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 Post subject:
PostPosted: Sun Nov 11, 2007 1:10 am 
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I have about 20 holdem books on my shelf that I have read. Harringtons are by far the best. His strategies are very interesting. His book 3 is a workbook that only goes problem after problem. It is a great tool to use.


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PostPosted: Sun Nov 11, 2007 7:35 pm 
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I have a library of over 60 poker books.

My favorite poker book ever is Ace on the River by Greenstein.

Poker Nation is also very good.

(looks @ shelves)

Other highly reccomended reads:
Phil Gordon's Blue + Green books
Scott Fischman's Online Ace

Fischman's Online Ace is totally worth reading for the Sit n Go chapter alone. I have reccomended this read to several people, all of which went on to do much better in Sit N Gos then they did previously.


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 Post subject:
PostPosted: Fri Nov 16, 2007 2:30 pm 
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raiders99 wrote:
Harringtons are by far the best. His strategies are very interesting. His book 3 is a workbook that only goes problem after problem. It is a great tool to use.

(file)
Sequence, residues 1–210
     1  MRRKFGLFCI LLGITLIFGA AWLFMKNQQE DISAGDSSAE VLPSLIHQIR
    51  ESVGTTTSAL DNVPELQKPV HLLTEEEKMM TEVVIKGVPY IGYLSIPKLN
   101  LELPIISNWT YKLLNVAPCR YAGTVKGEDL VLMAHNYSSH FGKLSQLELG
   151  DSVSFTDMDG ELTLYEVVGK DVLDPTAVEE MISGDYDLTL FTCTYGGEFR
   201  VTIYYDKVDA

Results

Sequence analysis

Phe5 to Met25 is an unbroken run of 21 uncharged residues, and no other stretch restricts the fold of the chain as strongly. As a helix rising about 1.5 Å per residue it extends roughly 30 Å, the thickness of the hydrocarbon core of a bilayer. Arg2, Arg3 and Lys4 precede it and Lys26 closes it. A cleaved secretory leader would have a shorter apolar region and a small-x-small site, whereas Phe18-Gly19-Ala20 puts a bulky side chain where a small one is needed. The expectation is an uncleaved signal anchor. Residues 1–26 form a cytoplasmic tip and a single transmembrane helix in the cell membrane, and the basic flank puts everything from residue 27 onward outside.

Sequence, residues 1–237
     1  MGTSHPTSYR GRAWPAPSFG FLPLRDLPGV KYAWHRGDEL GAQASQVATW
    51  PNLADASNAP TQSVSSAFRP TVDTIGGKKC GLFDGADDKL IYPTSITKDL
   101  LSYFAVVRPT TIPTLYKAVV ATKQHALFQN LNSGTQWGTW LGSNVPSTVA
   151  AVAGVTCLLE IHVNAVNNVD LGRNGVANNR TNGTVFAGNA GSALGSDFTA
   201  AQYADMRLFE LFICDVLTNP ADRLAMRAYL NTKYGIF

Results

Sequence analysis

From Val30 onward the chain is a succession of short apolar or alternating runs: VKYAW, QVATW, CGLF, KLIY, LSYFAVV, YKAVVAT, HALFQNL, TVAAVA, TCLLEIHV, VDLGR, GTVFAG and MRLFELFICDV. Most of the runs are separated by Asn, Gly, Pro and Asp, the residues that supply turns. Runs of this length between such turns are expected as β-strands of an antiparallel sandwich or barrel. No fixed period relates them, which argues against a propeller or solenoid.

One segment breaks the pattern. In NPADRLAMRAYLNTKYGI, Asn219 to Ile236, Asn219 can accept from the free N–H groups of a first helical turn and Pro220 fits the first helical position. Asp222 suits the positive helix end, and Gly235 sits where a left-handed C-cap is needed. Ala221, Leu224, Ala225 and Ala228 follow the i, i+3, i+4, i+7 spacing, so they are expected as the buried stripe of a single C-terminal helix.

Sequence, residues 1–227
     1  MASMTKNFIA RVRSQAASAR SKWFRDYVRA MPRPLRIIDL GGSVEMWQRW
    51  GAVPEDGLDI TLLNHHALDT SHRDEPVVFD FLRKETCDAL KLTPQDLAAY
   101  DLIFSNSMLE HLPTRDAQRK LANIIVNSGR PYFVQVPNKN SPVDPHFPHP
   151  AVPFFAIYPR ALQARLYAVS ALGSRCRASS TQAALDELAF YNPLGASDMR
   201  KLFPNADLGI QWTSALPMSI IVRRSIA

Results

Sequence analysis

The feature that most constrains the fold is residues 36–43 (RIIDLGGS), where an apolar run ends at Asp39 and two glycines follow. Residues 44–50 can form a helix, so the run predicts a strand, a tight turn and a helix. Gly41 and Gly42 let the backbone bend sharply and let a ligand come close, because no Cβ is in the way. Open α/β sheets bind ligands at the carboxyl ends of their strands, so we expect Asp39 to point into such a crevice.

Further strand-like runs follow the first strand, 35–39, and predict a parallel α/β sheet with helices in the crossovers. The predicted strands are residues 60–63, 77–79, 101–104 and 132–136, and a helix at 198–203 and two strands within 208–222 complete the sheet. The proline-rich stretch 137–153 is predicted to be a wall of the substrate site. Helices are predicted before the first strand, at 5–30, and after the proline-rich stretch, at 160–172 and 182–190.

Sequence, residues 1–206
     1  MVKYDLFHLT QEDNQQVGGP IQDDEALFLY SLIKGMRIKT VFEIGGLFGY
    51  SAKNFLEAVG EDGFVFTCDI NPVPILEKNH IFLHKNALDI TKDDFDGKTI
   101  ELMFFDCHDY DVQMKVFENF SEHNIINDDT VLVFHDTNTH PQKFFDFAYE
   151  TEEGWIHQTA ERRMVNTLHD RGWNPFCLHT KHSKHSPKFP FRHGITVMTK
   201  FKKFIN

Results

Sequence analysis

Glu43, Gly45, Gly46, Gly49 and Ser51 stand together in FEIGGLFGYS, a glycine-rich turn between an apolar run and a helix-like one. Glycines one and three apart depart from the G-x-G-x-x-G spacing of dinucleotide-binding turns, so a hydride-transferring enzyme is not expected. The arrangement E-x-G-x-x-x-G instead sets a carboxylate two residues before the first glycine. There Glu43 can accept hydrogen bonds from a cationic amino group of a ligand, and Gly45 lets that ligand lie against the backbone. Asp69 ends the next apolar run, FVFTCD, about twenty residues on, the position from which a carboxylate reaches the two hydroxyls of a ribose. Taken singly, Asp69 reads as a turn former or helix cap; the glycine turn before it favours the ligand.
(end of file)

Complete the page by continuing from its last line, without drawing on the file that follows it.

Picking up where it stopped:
Been reading a lot the last 8-9 days. Ordered, received and digested: Harrington's Vol. 1 along with Ed Miller, Sunny Mehta, and Matt Flynn's "Profession No-Limit Hold'em Vol. 1".

I agree with raiders99. Some interesting strategies. Very good book regarding no-limit tourney and I think a lot of it applies to ring games. Looking forward to picking up Vol. 2 & 3.

Regarding Ed Miller and company's book... loved it. I have to admit, at first I wasn't so sure. So I dropped down a level at the tables to give his strategy an honest effort, and the concepts in the book are real is starting to come together and sink-in. I really find myself planning my hands around the effective chip stacks at the tables, which in turn, makes the decisions at the table much easier. I would recommend this book to anyone.